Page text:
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Help with Vet Bills


dog with broken leg needs help with vet bills
Asking for help with vet bills isn’t always a pet owner’s first instinct when their best friend gets sick.

Why our pets need us

As humans, we have a variety of ways to express ourselves. When we’re happy, we smile or laugh. When we’re in pain, we can tell someone where it hurts. It doesn’t necessarily take the pain away, but being able to express what we’re feeling can make dealing with physical hardships more manageable.

But for our furry friends, who have a limited range of physical expression, illness and pain can be silently devastating. Most pet owners can nonetheless sense when their pals are hurting, whether it’s because of a droopy tail or the fact that they didn’t finish their dinner.

So, naturally, when our pets get sick, we try to give them a voice by becoming their protectors and advocates.

But illness is always expensive, no matter what species you are, and as your pet’s human representative, you’re the one responsible for paying the bills at the end of the day.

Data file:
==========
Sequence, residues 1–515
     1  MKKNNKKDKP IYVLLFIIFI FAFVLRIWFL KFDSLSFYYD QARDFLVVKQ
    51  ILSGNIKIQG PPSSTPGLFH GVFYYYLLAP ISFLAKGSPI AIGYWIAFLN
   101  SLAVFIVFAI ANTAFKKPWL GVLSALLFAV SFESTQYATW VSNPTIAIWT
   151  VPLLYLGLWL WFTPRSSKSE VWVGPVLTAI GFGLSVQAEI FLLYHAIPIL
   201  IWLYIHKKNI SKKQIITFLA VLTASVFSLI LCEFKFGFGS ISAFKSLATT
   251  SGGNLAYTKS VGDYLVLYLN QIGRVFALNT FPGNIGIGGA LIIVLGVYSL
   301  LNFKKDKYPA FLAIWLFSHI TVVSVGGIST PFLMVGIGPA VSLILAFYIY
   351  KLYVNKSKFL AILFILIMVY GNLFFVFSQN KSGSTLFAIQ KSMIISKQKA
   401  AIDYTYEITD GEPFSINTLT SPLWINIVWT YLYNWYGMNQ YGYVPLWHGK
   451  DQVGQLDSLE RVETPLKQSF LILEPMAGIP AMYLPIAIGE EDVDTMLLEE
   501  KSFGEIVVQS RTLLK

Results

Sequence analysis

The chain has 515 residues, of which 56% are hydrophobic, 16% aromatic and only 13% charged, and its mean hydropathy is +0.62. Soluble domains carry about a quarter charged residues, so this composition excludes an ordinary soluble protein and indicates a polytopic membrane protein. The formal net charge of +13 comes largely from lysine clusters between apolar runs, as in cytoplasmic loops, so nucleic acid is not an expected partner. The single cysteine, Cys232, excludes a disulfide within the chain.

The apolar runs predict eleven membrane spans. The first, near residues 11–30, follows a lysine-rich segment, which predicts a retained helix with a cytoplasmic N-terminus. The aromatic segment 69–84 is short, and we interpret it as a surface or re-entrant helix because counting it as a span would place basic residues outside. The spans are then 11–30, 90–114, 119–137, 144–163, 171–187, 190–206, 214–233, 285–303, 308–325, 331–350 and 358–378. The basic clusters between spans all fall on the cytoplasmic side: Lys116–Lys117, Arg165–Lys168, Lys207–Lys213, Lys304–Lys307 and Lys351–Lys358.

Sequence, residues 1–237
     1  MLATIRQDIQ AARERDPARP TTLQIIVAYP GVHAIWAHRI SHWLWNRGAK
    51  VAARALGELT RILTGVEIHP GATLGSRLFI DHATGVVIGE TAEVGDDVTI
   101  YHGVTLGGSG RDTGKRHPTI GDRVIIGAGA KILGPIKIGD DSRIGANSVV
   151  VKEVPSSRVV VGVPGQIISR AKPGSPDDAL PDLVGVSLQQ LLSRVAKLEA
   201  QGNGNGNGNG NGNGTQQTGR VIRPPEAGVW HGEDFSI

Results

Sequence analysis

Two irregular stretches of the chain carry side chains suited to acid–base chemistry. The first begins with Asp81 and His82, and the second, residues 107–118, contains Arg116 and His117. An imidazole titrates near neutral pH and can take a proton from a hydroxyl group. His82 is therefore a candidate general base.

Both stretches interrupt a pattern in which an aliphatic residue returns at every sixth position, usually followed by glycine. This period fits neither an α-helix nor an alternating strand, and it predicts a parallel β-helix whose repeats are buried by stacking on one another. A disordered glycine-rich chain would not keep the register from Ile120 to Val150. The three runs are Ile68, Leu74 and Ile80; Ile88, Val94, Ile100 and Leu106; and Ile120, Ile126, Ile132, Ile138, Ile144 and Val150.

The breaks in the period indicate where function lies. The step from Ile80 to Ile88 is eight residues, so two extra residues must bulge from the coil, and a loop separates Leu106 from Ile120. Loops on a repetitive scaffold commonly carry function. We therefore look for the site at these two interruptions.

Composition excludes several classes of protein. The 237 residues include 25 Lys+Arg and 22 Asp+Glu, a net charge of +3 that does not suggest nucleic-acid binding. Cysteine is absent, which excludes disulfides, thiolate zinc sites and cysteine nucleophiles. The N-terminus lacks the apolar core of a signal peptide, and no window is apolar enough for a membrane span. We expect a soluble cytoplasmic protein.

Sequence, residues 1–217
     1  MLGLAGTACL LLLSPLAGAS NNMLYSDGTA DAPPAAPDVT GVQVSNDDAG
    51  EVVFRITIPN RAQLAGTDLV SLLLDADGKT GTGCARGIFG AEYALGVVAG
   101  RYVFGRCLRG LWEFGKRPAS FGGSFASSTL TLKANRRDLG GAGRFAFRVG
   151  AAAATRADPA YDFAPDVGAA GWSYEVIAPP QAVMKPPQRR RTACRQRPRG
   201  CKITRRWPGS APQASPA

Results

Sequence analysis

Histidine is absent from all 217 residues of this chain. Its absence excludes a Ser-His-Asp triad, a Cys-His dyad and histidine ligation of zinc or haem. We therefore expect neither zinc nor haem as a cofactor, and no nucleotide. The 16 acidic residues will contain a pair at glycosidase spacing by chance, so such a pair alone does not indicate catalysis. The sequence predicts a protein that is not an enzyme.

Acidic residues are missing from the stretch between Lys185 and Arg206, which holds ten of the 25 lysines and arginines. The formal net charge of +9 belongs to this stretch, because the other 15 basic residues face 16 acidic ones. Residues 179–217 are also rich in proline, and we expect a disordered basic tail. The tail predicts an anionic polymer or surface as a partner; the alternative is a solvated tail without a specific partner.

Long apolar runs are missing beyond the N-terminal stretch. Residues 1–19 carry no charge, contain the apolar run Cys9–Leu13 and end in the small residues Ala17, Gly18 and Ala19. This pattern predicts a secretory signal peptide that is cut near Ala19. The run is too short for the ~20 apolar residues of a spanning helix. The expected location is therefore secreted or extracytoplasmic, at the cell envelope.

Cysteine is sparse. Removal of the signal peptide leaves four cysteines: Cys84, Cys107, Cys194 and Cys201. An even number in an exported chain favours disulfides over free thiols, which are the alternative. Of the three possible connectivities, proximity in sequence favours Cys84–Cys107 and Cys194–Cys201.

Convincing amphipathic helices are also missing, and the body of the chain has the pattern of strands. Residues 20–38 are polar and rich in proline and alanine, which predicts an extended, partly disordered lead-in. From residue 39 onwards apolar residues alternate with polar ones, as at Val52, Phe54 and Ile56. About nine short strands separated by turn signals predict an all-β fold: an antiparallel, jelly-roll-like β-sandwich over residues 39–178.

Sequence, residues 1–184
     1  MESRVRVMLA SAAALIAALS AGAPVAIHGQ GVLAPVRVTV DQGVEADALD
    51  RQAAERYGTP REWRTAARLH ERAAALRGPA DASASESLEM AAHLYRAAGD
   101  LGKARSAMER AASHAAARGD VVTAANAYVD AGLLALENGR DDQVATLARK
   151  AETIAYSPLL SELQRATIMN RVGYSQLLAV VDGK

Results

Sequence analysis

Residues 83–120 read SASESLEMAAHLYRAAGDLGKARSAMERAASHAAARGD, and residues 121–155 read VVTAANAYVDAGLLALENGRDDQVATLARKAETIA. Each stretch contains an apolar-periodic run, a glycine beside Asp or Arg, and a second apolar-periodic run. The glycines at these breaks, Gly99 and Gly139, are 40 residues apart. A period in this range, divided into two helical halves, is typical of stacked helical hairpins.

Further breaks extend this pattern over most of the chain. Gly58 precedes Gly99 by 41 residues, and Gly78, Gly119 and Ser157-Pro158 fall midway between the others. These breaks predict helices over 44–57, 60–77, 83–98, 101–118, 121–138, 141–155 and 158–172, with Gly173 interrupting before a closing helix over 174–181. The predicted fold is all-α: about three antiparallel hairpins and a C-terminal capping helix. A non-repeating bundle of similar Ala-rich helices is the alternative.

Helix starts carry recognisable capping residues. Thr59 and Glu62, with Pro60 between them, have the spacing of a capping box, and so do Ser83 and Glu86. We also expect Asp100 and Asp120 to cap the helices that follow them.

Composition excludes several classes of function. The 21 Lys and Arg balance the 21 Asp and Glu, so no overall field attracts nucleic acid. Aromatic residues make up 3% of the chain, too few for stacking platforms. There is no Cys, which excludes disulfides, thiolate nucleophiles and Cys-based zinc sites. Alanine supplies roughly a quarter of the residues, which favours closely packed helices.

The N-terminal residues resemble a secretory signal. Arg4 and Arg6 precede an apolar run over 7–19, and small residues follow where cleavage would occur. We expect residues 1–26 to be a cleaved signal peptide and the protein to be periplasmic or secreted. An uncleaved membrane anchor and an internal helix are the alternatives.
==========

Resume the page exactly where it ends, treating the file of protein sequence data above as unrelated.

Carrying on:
The high price of health

To give you a general idea, in 2012 American pet owners spent $13.67 billion on vet care, according to a poll by the American Pet Products Association. Routine visits to the vet run dog owners about $231 each year and cat owners $193.

When pets required surgical care, those yearly vet bills increased to $621 for dog and $382 for cat owners.

Faced with these unexpected costs, many pet owners are forced to put their companions to sleep or take out loans to pay for their treatment. But there are ways to get your pet the treatment he needs without breaking the bank by asking for help with vet bills.

Where to get help

First, talk to your veterinarian about options for reducing your veterinary bill. Some veterinary offices can help by creating a payment plan to spread out your expenses.

Many pet owners have started GiveForward fundraisers to raise money for their pet’s medical expenses. The ability to personalize your fundraising page with photos, videos and text updates and share it over social media makes it the easiest way to quickly raise large amounts of money and help your pet get better.

The Humane Society has endorsed GiveForward as an effective site for raising money to help with vet bills, so you can feel sure of your money’s safety.

So keep up the fight for your fluffier counterparts, and let us help you get them the medical attention they need to be back to normal in no time.

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